Petrobras May Reverse Its Decision to Sell Braskem, CFO Says
(Bloomberg) -- Petroleo Brasileiro SA may abandon a plan to sell shares in Braskem SA, and could even double its stake in the petrochemical company it views as a natural hedge for oil prices.
Petrobras, as the Rio de Janeiro-based company is known, is reassessing its petrochemicals strategy after having put its $4.3 billion-real ($1.1 billion) stake in Braskem up for sale in 2016 as part of a wider divestment plan, Chief Financial Officer Rafael Grisolia said in an interview.
Asset sales are less urgent for Petrobras thanks to higher oil prices, cost cuts and success at reducing debt, Grisolia said, adding that the company will meet its leverage targets for 2018 even if its planned sales don’t materialize.
Construction conglomerate Odebrecht SA, which controls Braskem and is a partner with Petrobras in the enterprise, is in exclusive talks to sell its shares to LyondellBasell Industries NV. Petrobras’ options include selling its stake to LyondellBasell along with Odebrecht, retaining its shares, or exercising preferential rights to buy Odebrecht’s stake, Grisolia said.
The decision depends on the offer price and strategic considerations, he said, adding that petrochemicals are a natural hedge for an oil producer. Petrobras hasn’t received Houston-based LyondellBasell’s offer and will have 60 days to make a decision when it does.
"Petrobras needs to decide if petrochemicals are strategic before then; we need to be prepared," Grisolia said at one of Petrobras’ office towers in Downtown in Rio.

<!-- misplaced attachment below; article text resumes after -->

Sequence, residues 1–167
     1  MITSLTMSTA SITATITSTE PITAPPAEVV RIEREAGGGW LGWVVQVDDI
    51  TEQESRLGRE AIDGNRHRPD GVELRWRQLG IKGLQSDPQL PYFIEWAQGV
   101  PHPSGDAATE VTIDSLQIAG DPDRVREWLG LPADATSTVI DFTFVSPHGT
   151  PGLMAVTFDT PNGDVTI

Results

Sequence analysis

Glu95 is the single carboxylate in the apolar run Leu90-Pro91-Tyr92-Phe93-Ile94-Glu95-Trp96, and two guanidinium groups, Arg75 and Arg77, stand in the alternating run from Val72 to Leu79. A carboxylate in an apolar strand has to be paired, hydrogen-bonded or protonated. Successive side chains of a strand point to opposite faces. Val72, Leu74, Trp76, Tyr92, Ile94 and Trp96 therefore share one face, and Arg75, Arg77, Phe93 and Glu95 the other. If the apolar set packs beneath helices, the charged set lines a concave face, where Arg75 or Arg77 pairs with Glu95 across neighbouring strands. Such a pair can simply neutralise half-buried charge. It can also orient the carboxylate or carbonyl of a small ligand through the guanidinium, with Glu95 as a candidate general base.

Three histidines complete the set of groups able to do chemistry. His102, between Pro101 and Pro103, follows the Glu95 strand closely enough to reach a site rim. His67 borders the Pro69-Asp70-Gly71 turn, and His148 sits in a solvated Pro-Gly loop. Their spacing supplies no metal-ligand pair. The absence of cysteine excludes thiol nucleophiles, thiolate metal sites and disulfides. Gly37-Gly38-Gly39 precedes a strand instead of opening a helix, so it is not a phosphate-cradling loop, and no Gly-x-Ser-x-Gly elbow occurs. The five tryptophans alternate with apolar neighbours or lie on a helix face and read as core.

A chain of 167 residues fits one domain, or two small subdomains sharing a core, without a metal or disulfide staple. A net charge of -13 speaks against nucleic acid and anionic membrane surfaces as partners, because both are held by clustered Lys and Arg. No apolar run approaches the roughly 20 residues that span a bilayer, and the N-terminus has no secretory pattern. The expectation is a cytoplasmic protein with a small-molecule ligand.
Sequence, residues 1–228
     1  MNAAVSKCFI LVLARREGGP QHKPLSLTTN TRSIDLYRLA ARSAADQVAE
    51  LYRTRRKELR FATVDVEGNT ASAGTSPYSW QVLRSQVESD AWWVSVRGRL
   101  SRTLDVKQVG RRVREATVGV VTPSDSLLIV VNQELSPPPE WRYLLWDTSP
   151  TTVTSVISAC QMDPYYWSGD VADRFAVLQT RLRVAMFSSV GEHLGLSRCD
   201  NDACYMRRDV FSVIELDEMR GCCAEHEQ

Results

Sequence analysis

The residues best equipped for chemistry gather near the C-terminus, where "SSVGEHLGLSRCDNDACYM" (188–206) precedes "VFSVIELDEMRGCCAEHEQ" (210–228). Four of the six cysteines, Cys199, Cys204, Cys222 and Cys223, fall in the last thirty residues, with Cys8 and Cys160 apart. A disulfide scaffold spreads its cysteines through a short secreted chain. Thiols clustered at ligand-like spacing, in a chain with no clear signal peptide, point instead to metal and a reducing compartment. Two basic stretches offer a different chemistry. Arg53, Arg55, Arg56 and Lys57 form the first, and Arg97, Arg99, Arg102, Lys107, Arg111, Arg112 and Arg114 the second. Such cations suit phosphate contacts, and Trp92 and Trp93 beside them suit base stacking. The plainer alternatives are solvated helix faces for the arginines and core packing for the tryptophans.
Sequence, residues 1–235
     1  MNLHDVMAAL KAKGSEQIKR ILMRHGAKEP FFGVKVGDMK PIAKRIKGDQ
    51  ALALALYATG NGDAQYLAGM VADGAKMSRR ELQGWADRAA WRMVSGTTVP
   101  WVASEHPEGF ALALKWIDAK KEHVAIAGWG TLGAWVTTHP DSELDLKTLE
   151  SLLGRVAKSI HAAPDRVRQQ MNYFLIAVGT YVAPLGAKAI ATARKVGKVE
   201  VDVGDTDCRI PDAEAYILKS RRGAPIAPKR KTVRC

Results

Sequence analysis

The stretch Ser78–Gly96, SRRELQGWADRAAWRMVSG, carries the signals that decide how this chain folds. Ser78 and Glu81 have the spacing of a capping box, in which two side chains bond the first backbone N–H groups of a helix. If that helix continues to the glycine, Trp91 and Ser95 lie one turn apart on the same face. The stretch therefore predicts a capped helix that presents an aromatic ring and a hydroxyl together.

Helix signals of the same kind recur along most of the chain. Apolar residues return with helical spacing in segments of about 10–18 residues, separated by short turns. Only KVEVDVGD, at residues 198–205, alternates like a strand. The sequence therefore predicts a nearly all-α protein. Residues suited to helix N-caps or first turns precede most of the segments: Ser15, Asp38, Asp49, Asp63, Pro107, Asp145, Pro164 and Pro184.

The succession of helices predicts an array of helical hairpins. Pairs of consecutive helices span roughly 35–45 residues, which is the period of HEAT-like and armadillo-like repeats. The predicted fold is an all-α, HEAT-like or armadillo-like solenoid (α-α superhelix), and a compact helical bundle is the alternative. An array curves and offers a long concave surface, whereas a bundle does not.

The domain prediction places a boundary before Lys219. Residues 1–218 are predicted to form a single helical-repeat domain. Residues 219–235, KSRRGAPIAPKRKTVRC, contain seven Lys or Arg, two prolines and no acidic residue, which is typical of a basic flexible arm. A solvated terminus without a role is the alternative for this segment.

If the offer price is higher than internal valuations, Petrobras may decide not to exercise its preferential rights. Global oil companies typically rely on downstream activities to pad margins when oil prices are low.
"What we have seen globally is a growing integration between refining and petrochemical operations," Grisolia said. "I stand for what is best for Petrobras and its shareholders."
A potential review of Petrobras’s strategy comes after former Chief Executive Officer Pedro Parente, lauded for turning around the oil company at the center of the corruption scandal known as Carwash, left in June following a nationwide truckers’ strike over fuel prices. He was replaced by Ivan Monteiro, who was Parente’s CFO.
Braskem, which makes ingredients used in everything from plastic bags to car components and pipes, has a market value of 45 billion reais ($11.5 billion). LyondellBasell’s potential bid for full ownership could be worth as much as $19.5 billion, Vertical Research Partners said in a note to clients in June.
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